dnslookup:
  driver = dnslookup
  domains = ! +local_domains
  transport = remote_smtp
  ignoretargethosts = 0.0.0.0 : 127.0.0.0/8
  no_more

That router might be desired in some configurations, but not this one. That will cause exim to try to deliver the message itself, rather than passing it on to your ISP's MTA. (And as I indicated above, that will often fail if you are on a residential dynamic IP adddress.) To set this up properly, do it like this:

#dnslookup:
#  driver = dnslookup
#  domains = ! +local_domains
#  transport = remote_smtp
#  ignoretargethosts = 0.0.0.0 : 127.0.0.0/8
#  no_more

passonto_isp:
  driver = manualroute
  domains = !+local_domains
  transport = remote_smtp
  route_list = * smtp.myisp.com        # change to the desired smtp server

One last thing: make sure to also update the /etc/mail/aliases file, if you have got any daemons running on your box that need to send email to the root user. You'll probably want those emails to get delivered to your non-root user account instead, and this is how you set that behavior. Look for these lines:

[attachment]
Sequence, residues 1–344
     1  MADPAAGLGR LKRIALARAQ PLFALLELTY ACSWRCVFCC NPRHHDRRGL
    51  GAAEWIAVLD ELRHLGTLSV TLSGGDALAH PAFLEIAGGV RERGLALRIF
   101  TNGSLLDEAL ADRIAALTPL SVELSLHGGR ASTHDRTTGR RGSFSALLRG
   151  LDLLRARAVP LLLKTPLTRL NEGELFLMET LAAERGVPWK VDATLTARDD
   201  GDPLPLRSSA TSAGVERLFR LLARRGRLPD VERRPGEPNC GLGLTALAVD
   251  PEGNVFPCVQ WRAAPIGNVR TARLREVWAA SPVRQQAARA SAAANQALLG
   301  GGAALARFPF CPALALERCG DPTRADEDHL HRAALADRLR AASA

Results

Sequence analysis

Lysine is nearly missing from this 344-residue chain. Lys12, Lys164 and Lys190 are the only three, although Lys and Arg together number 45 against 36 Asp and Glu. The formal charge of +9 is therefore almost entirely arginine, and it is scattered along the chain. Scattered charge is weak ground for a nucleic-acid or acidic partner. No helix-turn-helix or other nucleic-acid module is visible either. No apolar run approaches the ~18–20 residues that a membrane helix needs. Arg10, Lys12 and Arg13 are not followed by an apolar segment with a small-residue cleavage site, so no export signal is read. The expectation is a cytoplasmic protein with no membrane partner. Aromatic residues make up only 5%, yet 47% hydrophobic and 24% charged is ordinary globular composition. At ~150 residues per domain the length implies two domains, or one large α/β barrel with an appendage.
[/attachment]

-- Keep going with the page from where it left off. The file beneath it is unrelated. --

# Person who should get root's mail
#root:

And uncomment and add your local user account to the root: line:

# Person who should get root's mail
root: johndoe

Hope this all spares someone some hair-pulling and lost sleep down the road. I wish I had read an entry like this before I started - I wouldn't be so tired right now!

Update: 10-Feb-08:

passonto_isp:
  driver = manualroute
  domains = !+local_domains